All Items : Artists : Sculpture : Contemporary item #1291452 (stock #1193)
Korean Art and Antiques
$3,000.00
Shin Eun Sook Bronze Sculpture with Granite Base. The bronze characters form the written word 'good fortune', in Sino-Korean. Shin Eun Sook, Chairwoman of the Korean Sculpture Association, is famous for her monumental sculptures, some as tall as 13 meters (over 40 feet), that can be seen throughout Asia in public parks, university campuses, museums, and corporate headquarters. Her small-scale and affordable works like this one are rare. The third photo here is of the artist standing next to her bronze and granite work at Tsinghua University in Beijing, China. The remaining photos are a few examples of her famous public works. 11.5h x 8w inches, 29 x 20 cm.
All Items : Artists : Sculpture : Contemporary item #1290272 (stock #1192)
Korean Art and Antiques
$4000.00
Bodhisattva by Choi Dae Shik aka Daniel Choi, Set of Ten Paper on Wood Sculpture, as featured in SOFA, Sculptural Objects and Functional Art, the premier gallery-presented art fair dedicated to three-dimensional art and design. Each one has a hook on the back, so they may also be displayed hanging on the wall. 10 inches (25.5 cm) tall.
All Items : Artists : Ceramics : Pottery : Sculptural : Contemporary item #1287863 (stock #1190)
Korean Art and Antiques
$4,000.00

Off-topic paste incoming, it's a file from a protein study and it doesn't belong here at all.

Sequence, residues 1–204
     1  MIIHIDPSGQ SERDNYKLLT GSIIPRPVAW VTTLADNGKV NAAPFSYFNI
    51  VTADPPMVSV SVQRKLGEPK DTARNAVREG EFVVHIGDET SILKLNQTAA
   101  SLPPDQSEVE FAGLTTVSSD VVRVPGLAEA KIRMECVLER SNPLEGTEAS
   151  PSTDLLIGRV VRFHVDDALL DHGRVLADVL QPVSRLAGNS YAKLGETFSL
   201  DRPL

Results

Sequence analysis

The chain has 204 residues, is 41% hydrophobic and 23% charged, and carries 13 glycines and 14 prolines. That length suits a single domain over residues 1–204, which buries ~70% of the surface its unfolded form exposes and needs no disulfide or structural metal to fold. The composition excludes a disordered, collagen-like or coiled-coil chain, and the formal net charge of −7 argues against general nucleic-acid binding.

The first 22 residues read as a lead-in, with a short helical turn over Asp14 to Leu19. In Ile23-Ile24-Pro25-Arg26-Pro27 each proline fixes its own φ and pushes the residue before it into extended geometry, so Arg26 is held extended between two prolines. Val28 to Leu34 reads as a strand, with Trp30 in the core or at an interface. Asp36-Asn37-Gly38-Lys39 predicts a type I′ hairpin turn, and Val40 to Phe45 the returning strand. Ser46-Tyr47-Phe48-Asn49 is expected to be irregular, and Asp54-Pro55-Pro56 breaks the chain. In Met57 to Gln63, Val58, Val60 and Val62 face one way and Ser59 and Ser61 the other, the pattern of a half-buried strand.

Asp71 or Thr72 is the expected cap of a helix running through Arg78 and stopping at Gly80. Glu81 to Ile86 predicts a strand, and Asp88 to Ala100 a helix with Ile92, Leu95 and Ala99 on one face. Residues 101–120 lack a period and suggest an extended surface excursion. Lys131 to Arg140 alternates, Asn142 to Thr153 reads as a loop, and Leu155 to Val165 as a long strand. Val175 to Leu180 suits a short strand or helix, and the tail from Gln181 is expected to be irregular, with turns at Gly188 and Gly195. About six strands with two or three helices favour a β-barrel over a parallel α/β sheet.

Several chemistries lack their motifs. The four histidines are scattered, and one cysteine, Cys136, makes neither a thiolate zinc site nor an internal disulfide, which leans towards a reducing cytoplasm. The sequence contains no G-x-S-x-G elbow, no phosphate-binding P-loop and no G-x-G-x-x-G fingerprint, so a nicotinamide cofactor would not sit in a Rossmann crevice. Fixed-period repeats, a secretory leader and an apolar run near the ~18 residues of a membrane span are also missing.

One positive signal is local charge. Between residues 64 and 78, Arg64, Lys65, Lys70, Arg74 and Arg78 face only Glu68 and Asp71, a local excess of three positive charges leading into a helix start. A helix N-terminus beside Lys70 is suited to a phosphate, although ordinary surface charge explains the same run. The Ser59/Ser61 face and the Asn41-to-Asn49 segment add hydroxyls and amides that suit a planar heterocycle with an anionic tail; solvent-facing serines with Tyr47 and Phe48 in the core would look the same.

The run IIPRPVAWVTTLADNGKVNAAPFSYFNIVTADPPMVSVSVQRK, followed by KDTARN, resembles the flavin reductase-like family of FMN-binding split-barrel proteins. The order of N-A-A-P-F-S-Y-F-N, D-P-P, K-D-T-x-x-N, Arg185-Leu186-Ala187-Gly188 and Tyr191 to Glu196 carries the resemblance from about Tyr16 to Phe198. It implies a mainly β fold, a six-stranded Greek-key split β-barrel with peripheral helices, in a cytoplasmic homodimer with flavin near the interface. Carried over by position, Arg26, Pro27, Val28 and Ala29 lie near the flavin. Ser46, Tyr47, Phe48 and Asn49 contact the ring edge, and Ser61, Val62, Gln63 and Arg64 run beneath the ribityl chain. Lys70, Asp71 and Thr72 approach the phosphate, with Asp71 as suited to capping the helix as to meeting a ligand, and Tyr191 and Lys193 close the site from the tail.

Joo Ji Wan's meditative groups of celadon cubes reference Korea’s ancient tradition of geometric patterns in a contemporary form. Her work was recently displayed at the Korea Society exhibition, Korean Contemporary Ceramics, and it was her work alone that was chosen for the cover of the exhibition catalogue. This fine set of 13 cubes is the very last set of cubes that Joo Ji Wan will offer for sale, as she is moving on to other projects, and there are no more cubes in her inventory or in the inventory of any gallery. She has saved this grand set of cubes, her very best, for last. Joo Ji Wan's work was also in From The Fire: Contemporary Korean Ceramics, an historic traveling exhibition of works by 54 of Korea’s best contemporary ceramic artists. It has traveled to major museums all over the world, and is the most important exhibition ever mounted on Korean contemporary ceramics. The artist given the very prestigious honor of having her work chosen for the front and back covers of the beautiful hardcover exhibition catalogue was Joo Ji Wan. In fact, her work alone was also chosen for the cover of all brochures and literature related to this most important exhibition, and so has become the symbol of contemporary Korean ceramics. Joo Ji Wan's work has been exhibited at a long list of major museums, including the Asian Art Museum of San Francisco, Yale University Art Gallery, Freer/Sackler Gallery of Art, Indianapolis Museum of Art, Museum of Fine Arts in Boston, Harvard University Art Museum, Detroit Institute of Arts, Saint Louis Museum of Art, Newark Museum, American Craft Museum, Portland Art Museum, Society for Contemporary Crafts, Museum of Fine Arts in Houston, Seattle Asian Art Museum, Vancouver Art Museum, Royal Ontario Museum, and many others. It is appropriate that Joo offers her work in sets that are described with musical terms, such as Duo, Trio, Quartet, Ensemble, etc. Musical metaphor is almost required in describing Joo’s inlaid celadon and porcelain cube sets. Consider the melodic interplay of the pieces within a set, the rhythm of the patterns that are inlaid in each piece, and the harmony of the set as a whole. Just as music is mathematical but should not be predictable, Joo’s forms are simple, mathematically fundamental cubes that are inlaid with labyrinthine surprises rooted in Korea’s ancient tradition of geometric patterns imbued with centuries of meaning. Artistic innovation deeply rooted in Korea’s long celadon tradition is what puts Joo Ji Wan at the vanguard of Korean art today. Each cube: 5.25 inches, 13.25 cm. Entire Display: 31w x 21d x 26.5h inches, 78.75w x 53.25d x 67.25h cm.